Kiam Moriya is celebrating his birthday on Wednesday—but it's not just an average birthday.
The Birmingham, Ala., middle schooler turns 12 on what just happens to be the last repeating date of the century: 12-12-12. But Kiam has an even stronger tie to the date: He was born 12 minutes after noon on Dec. 12, 2000—which means he will turn 12 at exactly 12:12 p.m. on 12-12-12.
Kiam, a 6th-grader who loves BMX biking and Krispy Kreme doughnuts, says he's been looking forward to the date for as long as he can remember.
"It's like one minute out of a whole lifetime," Kiam told AL.com in an interview last week. "You know, it's all 12s."
He's just one of thousands of people taking note of the numerically significant date. Around the country, cities including New York and Los Angeles are offering expanded hours at City Hall to accommodate couples looking to get married on 12-12-12. Wedding chapels in Las Vegas are expecting to marry at least twice the number of people they usually do on Wednesday.
At the Viva Las Vegas Wedding Chapel, potential newlyweds have at least 30 different wedding packages to choose from, including several featuring celebrity impersonators depicting Elvis, the Beatles or Michael Jackson. Or couples can choose a theme, ranging from a traditional march down the aisle to getting married in a setting inspired by "The Rocky Horror Picture Show."
Meanwhile, casinos around the country are bracing for a crush of people hoping the date will bring them good luck. In Connecticut, the Foxwoods Resort Casino is offering those who gamble $12 on slot machines an extra $12 in bonus plays.
For some music fans, the date is already lucky. In New York, more than a dozen artists—including Bruce Springsteen, the Rolling Stones, Bon Jovi, Billy Joel, Dave Grohl and The Who—will share a stage at Madison Square Garden tonight at a benefit concert for victims of Superstorm Sandy.
But the 12-12-12 concert has already been marred by some controversy, as hundreds of tickets were snapped by scalpers who jacked up the prices looking to make a profit. Last week, U.S. Sen. Chuck Schumer, a Democrat from New York, sent a letter to major online ticket retailers, including TicketsNow and StubHub, asking them to block scalpers from selling the tickets.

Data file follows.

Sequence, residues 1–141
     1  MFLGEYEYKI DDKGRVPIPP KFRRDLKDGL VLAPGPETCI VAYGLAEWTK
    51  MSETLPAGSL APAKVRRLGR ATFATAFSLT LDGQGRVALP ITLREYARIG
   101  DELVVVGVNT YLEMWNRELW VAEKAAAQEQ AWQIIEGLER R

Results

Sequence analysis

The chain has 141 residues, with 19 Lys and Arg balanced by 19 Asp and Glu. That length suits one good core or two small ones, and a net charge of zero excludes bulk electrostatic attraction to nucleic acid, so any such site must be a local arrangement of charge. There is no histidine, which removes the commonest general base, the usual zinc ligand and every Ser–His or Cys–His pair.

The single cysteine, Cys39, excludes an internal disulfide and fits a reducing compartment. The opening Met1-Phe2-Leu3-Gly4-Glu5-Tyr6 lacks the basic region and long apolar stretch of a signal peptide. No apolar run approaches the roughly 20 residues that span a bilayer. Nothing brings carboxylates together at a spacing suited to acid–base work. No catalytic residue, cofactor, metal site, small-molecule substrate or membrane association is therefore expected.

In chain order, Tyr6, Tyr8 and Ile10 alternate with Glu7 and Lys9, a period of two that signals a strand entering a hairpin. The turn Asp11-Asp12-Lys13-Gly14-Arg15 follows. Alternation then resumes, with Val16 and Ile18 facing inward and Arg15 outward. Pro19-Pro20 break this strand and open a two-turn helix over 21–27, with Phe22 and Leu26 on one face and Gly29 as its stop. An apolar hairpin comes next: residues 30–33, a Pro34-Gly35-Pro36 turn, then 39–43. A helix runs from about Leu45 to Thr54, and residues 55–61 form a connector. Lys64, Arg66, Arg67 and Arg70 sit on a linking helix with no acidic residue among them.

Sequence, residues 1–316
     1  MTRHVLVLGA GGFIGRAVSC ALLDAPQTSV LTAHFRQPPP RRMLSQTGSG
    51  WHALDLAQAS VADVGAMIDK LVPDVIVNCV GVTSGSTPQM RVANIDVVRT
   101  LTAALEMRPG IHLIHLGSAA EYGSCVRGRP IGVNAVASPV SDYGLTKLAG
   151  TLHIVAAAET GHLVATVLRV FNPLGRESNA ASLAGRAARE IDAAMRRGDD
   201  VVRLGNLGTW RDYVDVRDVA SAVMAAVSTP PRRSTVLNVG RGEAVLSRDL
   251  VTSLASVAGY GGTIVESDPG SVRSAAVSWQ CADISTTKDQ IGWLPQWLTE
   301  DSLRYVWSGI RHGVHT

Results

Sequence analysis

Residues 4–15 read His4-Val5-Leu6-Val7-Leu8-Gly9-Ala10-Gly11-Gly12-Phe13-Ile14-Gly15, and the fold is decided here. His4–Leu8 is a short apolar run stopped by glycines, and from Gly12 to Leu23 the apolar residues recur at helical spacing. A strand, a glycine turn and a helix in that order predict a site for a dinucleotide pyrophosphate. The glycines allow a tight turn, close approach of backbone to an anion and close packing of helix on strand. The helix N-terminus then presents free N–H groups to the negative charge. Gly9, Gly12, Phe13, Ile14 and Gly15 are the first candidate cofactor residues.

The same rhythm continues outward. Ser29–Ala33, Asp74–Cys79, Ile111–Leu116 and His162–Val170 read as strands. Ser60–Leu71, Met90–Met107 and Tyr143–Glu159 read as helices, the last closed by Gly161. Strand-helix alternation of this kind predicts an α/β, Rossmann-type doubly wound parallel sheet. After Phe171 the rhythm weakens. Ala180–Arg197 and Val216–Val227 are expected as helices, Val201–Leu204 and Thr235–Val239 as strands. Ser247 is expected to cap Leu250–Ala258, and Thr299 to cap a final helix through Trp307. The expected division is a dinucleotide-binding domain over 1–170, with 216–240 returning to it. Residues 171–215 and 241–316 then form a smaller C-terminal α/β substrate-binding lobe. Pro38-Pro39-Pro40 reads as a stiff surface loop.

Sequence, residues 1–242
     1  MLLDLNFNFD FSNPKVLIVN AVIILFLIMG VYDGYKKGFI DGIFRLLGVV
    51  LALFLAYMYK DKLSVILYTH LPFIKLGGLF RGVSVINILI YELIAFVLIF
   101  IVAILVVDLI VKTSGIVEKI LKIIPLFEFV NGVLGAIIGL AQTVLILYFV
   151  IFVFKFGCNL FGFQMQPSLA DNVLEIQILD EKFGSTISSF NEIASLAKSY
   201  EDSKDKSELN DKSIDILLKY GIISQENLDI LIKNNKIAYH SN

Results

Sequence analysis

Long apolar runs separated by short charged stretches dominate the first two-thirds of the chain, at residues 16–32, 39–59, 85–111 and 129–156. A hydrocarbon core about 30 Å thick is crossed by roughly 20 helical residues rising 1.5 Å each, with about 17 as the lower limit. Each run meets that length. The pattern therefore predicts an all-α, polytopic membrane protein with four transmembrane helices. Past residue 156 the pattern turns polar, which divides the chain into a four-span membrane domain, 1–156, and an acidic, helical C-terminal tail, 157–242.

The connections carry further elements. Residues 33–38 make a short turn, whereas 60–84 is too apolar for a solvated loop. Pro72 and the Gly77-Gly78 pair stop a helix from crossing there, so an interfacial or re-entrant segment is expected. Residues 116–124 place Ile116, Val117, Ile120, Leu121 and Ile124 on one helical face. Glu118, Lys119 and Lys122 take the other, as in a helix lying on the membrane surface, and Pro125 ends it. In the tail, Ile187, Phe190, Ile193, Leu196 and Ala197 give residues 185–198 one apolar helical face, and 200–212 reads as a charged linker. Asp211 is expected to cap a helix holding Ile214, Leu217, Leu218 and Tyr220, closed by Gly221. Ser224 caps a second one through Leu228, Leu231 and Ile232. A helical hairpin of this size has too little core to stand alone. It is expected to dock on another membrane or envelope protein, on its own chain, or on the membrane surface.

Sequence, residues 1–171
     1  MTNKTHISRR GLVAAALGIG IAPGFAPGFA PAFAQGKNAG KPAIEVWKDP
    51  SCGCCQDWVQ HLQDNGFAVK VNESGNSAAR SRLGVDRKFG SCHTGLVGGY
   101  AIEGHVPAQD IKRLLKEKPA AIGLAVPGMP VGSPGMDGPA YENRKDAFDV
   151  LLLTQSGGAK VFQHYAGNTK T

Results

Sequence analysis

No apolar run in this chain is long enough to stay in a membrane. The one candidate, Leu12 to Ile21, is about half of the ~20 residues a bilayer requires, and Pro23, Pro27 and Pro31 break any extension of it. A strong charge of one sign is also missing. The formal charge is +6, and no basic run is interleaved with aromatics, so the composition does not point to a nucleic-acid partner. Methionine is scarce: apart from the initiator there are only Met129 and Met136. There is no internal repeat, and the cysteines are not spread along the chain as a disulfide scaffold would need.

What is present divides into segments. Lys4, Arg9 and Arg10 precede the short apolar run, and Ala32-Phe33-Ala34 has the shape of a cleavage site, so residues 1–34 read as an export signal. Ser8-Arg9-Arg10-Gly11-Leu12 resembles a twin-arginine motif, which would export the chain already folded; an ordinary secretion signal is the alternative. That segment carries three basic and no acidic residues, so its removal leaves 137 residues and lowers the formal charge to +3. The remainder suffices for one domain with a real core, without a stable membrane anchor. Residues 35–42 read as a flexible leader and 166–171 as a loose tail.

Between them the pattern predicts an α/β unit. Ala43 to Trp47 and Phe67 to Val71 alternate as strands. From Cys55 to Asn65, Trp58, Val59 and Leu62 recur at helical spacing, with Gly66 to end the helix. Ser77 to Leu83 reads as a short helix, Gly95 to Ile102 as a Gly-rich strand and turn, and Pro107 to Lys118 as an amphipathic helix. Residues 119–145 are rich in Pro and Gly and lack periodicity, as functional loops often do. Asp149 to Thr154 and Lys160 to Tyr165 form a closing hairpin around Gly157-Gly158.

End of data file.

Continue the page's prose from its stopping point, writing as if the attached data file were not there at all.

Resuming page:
"Every dollar spent for these concert tickets should go to help the victims of Superstorm Sandy, not to line the pockets of unscrupulous scalpers," Schumer said in a statement to reporters. "Ticket resale websites have the opportunity to make it much more difficult for scalpers to make money off this charitable event, and they should seize it."
But executives at StubHub defended their decision to sell the tickets, insisting scalpers would simply find another way to sell the tickets if they were blocked online. Hours before showtime on Wednesday, tickets, which originally ranged from $150 to $2,500, were going for no cheaper than $825. A single floor-seat ticket was listed for $10,000.
In an interview with CBS News, StubHub president Chris Tsakalakis said the company would donate 100 percent of its profits from its fees related to the 12-12-12 concert to the Robin Hood Foundation, a nonprofit working on behalf of Sandy victims, which is the beneficiary of ticket proceeds from the show.
"It is perfectly legal to resell tickets in the state of New York and in most states," he told CBS News. "We knew people were going to resell these tickets whether or not StubHub was going to allow the resale. So what we decided to do ... is that we would donate our sales, our revenue, our commissions to the Robin Hood relief fund."